About the Program
The Designated Emphasis (DE) in Cognitive Science trains student in the breadth of interdisciplinary approaches to the science of the mind as well as in computational thinking. Cognitive Science is characterized by a focus on classic foundational questions about the mind, for example: What aspects of knowledge are innate? What aspects of thought are uniquely human? Is human thought rational? And it pursues these unifying core questions through methods drawn from a variety of disciplines, most commonly psychology, linguistics, computer science, neuroscience, anthropology, and philosophy.
Within this overall picture, there is one aspect of cognitive science that is theoretically central: computation. Computation serves both as a model of the mind, and as a set of precise tools for investigating it. Cognitive science thus represents an engagement with fundamental questions of the mind that is computationally oriented but is focused on human rather than artificial intelligence. In today’s environment, cognitive science has the potential to prepare students and citizens for a world in which the intersection of minds, machines, data, and inference is increasingly important, yet in which the centrality of the human mind to that intersection is sometimes obscured, or treated only superficially. Computational principles also serve as a shared lingua franca that allows psychologists, linguists, anthropologists, neuroscientists, and others to communicate with each other.
PhD students in any department may apply. All applications must be reviewed and approved by the Executive Committee of the Graduate Group. To apply, students must submit a form listing their prior preparation in the field and their projected pathway through the program, along with a (maximum) on-page essay stating their interest and reasoning for applying. A CV and a letter of recommendation from a faculty member in the student’s home department indicating how and why the student would benefit from the DE. Students must be admitted to the DE prior to taking the Qualifying Exam.
Admission will be determined by the members of the Executive Committee on the basis of the student’s background and preparation, and of how well the student has articulated the value of the DE for their larger course of study and career goals.
Designated Emphasis Requirements
DE students will be required to take three courses: one to fulfill a computational requirement, and two to fulfill a breadth requirement. Courses that fulfill these requirements are listed below. Students may petition the DE Executive Committee to have other classes added to these lists. Students will have to meet the prerequisites for the specific classes they wish to take. In addition, although it is not an official requirement, DE students will be encouraged to regularly attend and participate in the ICBS colloquia.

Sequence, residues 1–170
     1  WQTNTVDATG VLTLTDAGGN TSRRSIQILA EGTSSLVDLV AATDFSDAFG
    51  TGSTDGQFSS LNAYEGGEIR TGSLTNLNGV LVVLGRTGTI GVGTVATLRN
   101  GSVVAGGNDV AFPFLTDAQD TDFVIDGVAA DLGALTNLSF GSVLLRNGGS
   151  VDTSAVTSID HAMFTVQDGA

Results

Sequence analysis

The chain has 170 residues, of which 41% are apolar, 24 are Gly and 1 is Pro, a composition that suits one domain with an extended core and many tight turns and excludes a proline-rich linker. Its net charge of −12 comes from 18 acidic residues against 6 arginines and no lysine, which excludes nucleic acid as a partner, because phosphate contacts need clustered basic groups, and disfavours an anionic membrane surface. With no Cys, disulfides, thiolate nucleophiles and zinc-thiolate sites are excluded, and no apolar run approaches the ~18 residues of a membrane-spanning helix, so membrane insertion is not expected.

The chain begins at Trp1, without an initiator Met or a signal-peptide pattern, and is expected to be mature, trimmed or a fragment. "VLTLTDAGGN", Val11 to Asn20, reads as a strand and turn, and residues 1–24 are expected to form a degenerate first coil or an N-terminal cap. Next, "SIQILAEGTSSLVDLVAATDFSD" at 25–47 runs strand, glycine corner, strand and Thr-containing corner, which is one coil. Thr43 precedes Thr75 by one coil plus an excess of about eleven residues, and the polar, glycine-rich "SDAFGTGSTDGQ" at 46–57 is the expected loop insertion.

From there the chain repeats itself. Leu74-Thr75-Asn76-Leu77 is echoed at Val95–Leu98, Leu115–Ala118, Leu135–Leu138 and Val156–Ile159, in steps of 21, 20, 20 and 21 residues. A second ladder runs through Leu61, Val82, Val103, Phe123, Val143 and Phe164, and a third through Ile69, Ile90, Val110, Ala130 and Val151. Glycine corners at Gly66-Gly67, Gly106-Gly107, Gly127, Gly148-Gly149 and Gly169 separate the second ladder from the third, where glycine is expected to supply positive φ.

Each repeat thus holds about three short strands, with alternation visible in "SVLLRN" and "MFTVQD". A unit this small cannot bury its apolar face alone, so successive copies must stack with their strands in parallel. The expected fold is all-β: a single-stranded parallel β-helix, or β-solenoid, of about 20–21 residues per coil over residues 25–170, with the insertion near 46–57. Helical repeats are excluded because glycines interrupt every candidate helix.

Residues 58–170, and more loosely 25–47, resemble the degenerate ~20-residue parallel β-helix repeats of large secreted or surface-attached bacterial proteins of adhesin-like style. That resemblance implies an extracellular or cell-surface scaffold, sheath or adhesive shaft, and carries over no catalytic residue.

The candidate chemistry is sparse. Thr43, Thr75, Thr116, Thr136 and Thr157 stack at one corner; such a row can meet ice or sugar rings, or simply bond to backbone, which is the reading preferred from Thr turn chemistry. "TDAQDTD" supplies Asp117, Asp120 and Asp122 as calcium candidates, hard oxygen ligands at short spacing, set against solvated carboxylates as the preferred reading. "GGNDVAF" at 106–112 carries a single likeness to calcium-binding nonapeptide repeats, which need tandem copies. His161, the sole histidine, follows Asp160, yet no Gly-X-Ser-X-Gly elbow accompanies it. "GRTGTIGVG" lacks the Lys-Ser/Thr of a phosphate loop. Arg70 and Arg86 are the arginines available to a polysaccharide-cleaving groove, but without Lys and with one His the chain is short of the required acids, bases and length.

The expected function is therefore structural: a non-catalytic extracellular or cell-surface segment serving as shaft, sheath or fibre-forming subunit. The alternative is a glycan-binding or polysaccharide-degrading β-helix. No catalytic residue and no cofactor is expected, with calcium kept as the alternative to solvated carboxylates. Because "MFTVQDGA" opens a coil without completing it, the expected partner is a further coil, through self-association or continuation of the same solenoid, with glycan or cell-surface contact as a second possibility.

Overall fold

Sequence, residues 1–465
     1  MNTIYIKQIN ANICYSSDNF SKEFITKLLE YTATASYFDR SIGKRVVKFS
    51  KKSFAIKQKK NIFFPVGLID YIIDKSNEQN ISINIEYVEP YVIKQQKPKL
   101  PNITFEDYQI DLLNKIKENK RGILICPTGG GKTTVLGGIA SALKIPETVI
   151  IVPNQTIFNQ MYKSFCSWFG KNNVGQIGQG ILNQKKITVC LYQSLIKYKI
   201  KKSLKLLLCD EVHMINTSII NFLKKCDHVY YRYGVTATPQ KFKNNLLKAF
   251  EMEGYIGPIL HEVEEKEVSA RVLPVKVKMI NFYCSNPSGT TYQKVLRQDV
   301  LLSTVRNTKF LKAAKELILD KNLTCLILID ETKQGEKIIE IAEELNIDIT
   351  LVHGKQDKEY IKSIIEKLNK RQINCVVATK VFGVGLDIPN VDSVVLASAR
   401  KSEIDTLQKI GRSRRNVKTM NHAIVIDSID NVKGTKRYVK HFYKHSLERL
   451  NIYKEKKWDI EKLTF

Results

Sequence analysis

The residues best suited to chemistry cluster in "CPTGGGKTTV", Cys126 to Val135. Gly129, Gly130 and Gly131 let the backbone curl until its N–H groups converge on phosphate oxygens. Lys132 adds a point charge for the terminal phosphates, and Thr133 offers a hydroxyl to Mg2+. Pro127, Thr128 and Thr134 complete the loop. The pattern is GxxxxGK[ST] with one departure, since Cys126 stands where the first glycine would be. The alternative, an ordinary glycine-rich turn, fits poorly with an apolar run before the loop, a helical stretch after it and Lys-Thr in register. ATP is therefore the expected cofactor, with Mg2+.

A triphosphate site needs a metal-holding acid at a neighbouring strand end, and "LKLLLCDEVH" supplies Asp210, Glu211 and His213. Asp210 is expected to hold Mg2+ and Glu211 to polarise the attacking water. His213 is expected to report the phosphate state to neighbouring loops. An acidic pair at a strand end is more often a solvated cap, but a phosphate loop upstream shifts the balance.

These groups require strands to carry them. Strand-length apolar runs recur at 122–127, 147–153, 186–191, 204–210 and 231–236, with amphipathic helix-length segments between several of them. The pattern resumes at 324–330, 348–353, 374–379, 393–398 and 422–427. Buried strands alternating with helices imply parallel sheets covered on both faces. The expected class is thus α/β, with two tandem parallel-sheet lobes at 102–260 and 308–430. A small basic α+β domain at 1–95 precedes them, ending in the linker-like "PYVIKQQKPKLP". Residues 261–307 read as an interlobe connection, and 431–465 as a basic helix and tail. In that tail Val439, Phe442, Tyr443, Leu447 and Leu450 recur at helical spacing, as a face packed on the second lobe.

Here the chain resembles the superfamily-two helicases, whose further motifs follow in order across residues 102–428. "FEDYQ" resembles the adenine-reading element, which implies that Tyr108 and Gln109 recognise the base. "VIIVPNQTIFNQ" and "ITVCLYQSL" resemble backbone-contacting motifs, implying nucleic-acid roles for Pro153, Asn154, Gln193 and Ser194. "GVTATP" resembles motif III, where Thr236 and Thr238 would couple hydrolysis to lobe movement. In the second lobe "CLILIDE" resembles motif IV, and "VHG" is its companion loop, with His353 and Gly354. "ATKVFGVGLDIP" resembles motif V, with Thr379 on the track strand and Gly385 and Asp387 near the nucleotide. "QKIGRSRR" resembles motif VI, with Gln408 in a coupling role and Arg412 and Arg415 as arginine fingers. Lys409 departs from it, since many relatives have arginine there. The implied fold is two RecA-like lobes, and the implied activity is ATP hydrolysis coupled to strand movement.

Computational Cognitive Science
DE students should take one course in computational cognitive science. There are several options for fulfilling this requirement:
|COG SCI 131||Computational Models of Cognition||4|
|COMPSCI 188||Introduction to Artificial Intelligence||4|
|COMPSCI C280||Computer Vision||3|
|COMPSCI C281A||Statistical Learning Theory||3|
|COMPSCI C281B||Advanced Topics in Learning and Decision Making||3|
|COMPSCI 282A||Designing, Visualizing and Understanding Deep Neural Networks||4|
|COMPSCI 285||Deep Reinforcement Learning, Decision Making, and Control||3|
|COMPSCI 287||Advanced Robotics||3|
|COMPSCI 287H||Algorithmic Human-Robot Interaction||4|
|COMPSCI 288||Natural Language Processing||4|
|COMPSCI 289A||Introduction to Machine Learning||4|
|EDUC 244||Data Mining and Analytics||3|
|EDUC C260F||Machine Learning in Education||3|
|EL ENG 225D||Audio Signal Processing in Humans and Machines||3|
|LINGUIS 243||Language, Computation, and Cognition||3|
|LINGUIS 252||COMPUTATIONAL LINGUISTICS||3|
|PSYCH 208||Methods in Computational Modeling for Cognitive Science||3|
|VIS SCI 265||Neural Computation||3|
DE students should take two cognitive-science-relevant courses each of which is in a department or program other than their own, and other than the department or program offering the course that the student chose to fulfill the computational requirement. The breadth courses need not be primarily computational in focus, but they may be. The courses may be drawn from the computational bin shown above, or from the following additional courses:
|ANTHRO 107||Evolution of the Human Brain||4|
|EDUC 203||Cultivating Cognitive Development: From Sensorimotor Intelligence to Embodied STEM Concepts||3|
|LINGUIS 205||Advanced Cognitive Linguistics||3|
|LINGUIS 208||Advanced Psycholinguistics||3|
|LINGUIS 210||Advanced Phonetics||3|
|PSYCH 210A||Proseminar: Cognition, Brain, and Behavior||3|
|PSYCH 240A||Proseminar: Biological, Cognitive, and Language Development||3|
Faculty and Instructors
Dor Abrahamson, Professor, Education.
Gasper Begus , Assistant Professor, Linguistics, .
Anne Collins, Assistant Professor, Psychology.
Terrence Deacon, Professor, Anthropology.
Alexei Efros, Professor, EECS.
Susanne Gahl, Professor, Linguistics.
Jack Gallant, Professor, Psychology.
Ming Hsu, Associate Professor, Business Administration.
Richard Ivry, Professor, Psychology.
Keith Johnson, Professor, Linguistics.
Celeste Kidd, Assistant Professor, Psychology.
Jitendra Malik, Professor, EECS.
Zachary Pardos, Associate Professor, Education.
Steven Piantadosi, Assistant Professor, Psychology.
Michael Ranney, Professor, Education.
Terry Regier, Professor, Linguistics.
Stuart Russell, Professor, EECS.
Mahesh Srinivasan, Associate Professor, Psychology.
Eve Sweetser, Professor, Linguistics.
Frederic Theunissen, Professor, Psychology.
David Whitney, Professor, Psychology.
Linda Wilbrecht, Associate Professor, Psychology.
Fei Xu, Professor, Psychology.